Wednesday, May 01, 2013

Negatively geared. Our landlords lose $13.2 billion, mostly on purpose

Australia's shame

Negatively geared property investors lost an astonishing $13.2 billion in 2010-11, up from $10.1 billion the year before.

The latest Tax Office statistics show the average loss per negatively geared investor was $10,950, up from $9,130 the year before. The average loss for high income a negatively geared investor earning more than $180,000 was $23,800.

Higher interest rates and rising property prices during 2010-11 swelled the losses.

The figures identify negative gearing as one of the key drains on personal tax collections with one in every seven Australian taxpayers now a property investor and one in every ten negatively geared.

The 2010 Henry Tax Review declined to recommend against the practice, its chairman Ken Henry telling a press conference as he was preparing the report that he "still wears the scars" from an earlier short-lived experiment with limiting negative gearing in the 1980s.

“I actually think Henry was incredibly wussy about it,” Bank of America economist Saul Eslake said Tuesday. "I have to translate the words ‘negative gearing’ to people overseas because it just sounds crazy to have a system that rewards people for losing money.”

“Removing it would be close to the top of my agenda. I have a list of what I regard as the worst tax decisions of the last twenty years. One is the halving of the headline rate of capital gains tax (in 1999) that made negative gearing attractive.”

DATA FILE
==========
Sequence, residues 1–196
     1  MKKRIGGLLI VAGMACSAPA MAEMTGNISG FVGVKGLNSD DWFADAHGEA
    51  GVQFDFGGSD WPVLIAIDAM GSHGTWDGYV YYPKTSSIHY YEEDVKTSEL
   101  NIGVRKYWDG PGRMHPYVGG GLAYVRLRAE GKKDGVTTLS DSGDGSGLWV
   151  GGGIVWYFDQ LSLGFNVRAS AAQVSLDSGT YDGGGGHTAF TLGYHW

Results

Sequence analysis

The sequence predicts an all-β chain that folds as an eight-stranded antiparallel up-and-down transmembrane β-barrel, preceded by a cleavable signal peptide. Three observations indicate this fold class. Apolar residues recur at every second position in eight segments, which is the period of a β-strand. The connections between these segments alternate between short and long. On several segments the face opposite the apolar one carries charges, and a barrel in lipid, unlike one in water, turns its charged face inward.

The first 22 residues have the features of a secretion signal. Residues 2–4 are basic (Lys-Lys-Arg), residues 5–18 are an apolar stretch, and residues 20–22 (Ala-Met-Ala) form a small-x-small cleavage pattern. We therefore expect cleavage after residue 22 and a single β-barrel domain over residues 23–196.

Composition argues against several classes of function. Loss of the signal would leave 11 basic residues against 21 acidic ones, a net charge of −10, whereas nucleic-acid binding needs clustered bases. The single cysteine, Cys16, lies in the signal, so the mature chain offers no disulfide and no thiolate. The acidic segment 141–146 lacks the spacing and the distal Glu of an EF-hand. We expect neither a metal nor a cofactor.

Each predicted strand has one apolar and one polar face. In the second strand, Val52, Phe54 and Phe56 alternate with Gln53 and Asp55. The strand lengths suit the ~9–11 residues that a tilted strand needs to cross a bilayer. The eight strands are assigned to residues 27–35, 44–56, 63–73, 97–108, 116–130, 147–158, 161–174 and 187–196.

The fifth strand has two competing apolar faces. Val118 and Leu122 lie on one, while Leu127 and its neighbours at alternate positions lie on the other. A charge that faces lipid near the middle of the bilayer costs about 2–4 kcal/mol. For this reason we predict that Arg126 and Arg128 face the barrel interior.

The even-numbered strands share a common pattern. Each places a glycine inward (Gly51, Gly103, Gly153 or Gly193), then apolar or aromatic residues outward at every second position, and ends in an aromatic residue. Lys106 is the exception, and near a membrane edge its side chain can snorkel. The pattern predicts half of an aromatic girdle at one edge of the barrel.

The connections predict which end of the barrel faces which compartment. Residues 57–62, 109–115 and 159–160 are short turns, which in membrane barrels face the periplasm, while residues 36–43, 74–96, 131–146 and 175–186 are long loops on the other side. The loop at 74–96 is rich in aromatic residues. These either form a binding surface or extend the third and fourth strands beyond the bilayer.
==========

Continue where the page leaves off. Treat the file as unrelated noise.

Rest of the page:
“The others are the abandonment of indexation of petrol excise, the Senior Australian Tax Offset - the measure that says if you are over 65 you pay less tax on a given amount of income than if you are under 65 - and the abolition of income tax on super fund earnings paid to people over 60.”

“They would be my contenders for the dumbest tax decisions of the last twenty years. Frankly, I can’t choose between them"..

The tax statistics released Tuesday also identify fuel tax credits as by far the most expensive offset in the tax system, costing $5.1 billion in 2010-11 and $5.5 billion in 2011-12, way in excess of the next biggest contenders, the Education Tax Refund which cost $700 million and the research and development tax offset which cost $614 million.

The credits are for fuel used in heavy vehicles and are overwhelmingly used in the mining industry.

“The argument for it is that the purpose of fuel excise was to pay for roads, and that mining companies get a rebate because they don’t use their vehicles on public roads. I guess there is some merit in that argument, although in my view not enough merit to justify $5.5 billion of revenue forgone,” Mr Eslake said.

The tax statistics identify residents of the eastern Sydney postcode 2027 as Australia’s highest earners, taking home a home an average taxable income of $203,270 each. The postcode takes in Darling Point, Edgecliff, Rushcutters Bay and Point Piper. Around 50 of them are also farmers in primary production trusts or partnerships, losing between them $6.7 million.

Australia’s second and third highest earning postcodes are 3944 and 3142 taking in the Victorian town of Portsea and Toorak and Howkesburn in Melbourne. The average income for each is around $180,000.

Only 2501,400 Australians earned $180,000 or more in 2010-11, enough to put them into the top tax bracket. The bracket took in 2.7 per cent of all taxpayers.

The average male income during 2011-11 was $63,000. The average female income was $42,150.

In today's Sydney Morning Herald and Age

Related Reading

. The millionares who pay no tax - Tim Colebatch

Related Posts

. What's the deal with negative gearing?

. Want to be landlord? Dive in

. What were they thinking? The tax heists that made us a nation of losers